This is to say, private institutions are and always have been conceived as elitist. The benefit of public universities is that their mission is the education of the people, not a coterie of privileged families with their own political agendas and tastes. A public university is our university -- it is literally for, of, and owned by the people, not special interests.

When wage-slave drivers like Phil Knight say that they will donate more money if the University of Oregon divorces itself from the state they are literally saying that they will only donate money if they own it, not us. For someone like Knight to claim that he feels his money will not be spent effectively unless he owns the University is flat out meretricious. Seeing as Knight recently managed to bludgeon the state government into granting Nike an indefinite tax holiday I find it rather doubtful that he would have a hard time making sure his donations were spent in a manner that accords with his wishes by the university.

What Knight and those like him want is not a greater say in how their donations are allocated but total control of the school itself. To put it differently, they want to determine school policy without have the consult the pesky wishes of, well, everyone else. That means me and you. Protestations suggesting otherwise are merely part of a smoke and mirrors routine to hide the fact that what they want, and believe to be their prerogative, is total control. Thus is the inebriation that comes with power, even if that means power accumulated by coming up with the design for the world's worst running shoe.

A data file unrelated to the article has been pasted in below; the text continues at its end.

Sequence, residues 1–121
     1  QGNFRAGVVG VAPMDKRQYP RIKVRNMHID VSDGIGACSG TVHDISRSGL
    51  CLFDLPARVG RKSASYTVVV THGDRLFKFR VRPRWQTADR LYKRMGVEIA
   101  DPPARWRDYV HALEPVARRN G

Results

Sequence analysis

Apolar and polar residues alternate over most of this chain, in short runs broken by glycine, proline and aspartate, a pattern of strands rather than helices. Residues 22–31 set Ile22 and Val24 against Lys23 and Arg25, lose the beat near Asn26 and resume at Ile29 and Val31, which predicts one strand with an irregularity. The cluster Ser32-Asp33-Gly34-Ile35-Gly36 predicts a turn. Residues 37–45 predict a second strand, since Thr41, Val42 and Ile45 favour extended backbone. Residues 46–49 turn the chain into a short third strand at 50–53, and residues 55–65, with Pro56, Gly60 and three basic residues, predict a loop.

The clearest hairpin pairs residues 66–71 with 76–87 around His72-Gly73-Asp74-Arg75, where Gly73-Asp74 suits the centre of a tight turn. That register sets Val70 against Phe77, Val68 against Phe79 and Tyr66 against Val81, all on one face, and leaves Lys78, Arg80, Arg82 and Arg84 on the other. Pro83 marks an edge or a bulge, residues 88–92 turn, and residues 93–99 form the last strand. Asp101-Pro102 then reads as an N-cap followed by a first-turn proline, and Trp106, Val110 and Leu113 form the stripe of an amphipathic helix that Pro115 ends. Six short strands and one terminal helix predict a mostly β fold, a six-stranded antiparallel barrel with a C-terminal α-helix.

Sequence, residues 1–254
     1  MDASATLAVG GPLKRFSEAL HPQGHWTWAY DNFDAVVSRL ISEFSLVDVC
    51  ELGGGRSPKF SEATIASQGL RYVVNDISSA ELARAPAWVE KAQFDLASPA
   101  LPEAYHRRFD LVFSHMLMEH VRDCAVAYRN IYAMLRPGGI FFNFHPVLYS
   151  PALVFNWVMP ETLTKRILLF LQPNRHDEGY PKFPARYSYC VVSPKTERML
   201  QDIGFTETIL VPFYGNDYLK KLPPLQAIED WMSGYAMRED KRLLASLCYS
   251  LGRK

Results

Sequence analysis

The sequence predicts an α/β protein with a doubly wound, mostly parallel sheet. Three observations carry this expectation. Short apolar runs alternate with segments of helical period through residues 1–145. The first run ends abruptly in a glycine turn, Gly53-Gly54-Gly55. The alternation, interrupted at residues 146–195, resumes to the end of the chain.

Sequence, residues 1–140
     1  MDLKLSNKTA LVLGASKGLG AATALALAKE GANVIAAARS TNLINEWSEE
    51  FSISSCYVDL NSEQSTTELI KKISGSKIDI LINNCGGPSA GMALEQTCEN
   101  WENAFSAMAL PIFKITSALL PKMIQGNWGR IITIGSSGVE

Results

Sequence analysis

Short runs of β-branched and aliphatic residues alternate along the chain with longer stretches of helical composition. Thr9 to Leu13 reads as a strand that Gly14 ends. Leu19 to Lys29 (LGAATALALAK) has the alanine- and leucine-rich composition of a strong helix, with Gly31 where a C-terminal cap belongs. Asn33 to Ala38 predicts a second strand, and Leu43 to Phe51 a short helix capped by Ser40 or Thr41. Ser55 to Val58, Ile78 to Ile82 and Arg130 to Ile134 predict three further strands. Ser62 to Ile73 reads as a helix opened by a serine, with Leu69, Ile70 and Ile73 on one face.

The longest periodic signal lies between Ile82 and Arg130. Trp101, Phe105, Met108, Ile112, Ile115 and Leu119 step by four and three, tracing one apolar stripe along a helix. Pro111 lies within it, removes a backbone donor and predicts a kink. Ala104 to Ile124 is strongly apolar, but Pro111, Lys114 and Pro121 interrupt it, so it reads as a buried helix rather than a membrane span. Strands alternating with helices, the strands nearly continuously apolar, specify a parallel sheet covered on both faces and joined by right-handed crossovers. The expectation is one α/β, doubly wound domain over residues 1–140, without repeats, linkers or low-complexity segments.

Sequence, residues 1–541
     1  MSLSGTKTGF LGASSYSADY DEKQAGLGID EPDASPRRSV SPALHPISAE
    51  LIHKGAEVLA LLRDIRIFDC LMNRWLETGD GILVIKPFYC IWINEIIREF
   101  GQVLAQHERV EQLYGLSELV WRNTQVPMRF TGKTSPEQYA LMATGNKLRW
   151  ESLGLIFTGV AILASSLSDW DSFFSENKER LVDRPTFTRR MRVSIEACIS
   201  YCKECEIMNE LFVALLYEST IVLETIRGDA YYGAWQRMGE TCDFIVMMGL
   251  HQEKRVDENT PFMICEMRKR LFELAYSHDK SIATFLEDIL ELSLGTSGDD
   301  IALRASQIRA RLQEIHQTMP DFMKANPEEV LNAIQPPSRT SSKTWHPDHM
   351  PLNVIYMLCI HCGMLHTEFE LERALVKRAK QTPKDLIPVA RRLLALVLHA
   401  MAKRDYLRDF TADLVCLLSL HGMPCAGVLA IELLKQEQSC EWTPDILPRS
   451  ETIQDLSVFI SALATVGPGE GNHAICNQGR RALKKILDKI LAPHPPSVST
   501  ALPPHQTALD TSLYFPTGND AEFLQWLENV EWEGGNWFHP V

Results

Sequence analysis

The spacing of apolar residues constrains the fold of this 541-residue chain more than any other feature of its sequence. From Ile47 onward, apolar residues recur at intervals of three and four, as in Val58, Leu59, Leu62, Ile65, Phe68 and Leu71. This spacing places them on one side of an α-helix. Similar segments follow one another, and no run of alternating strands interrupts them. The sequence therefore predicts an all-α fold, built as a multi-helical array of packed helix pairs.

So what is education? Contrary to the materialistic predilections of most commentators, education is a life-long process of learning and discovery. Ideally it should have nothing to do with the amount of money you have but, instead, an insatiable curiosity and willingness to learn. Framing education as a good to be bought is, in truth, intellectually stultifying since such implies that after this commodity is bought one does not need to think any longer. They have already become an "educated person."

What intellectual drivel!

Even and especially today, the ways in which education is pursued is entirely counterproductive. It is only by acknowledging the discriminatory barriers firmly entrenched and, in fact, sedulously reinforced by powerful interests that this horrible yet sublime system may be further refined. This will require serious rethinking in regards to the way education is financed, who gets to call the shots, and how education is to understood, more generally.

 In all cases, it requires encouraging both students and teachers in their noble pursuit, and making sure that we do not leave the education debate up to those who simply cannot begin understand our aspirations and dreams.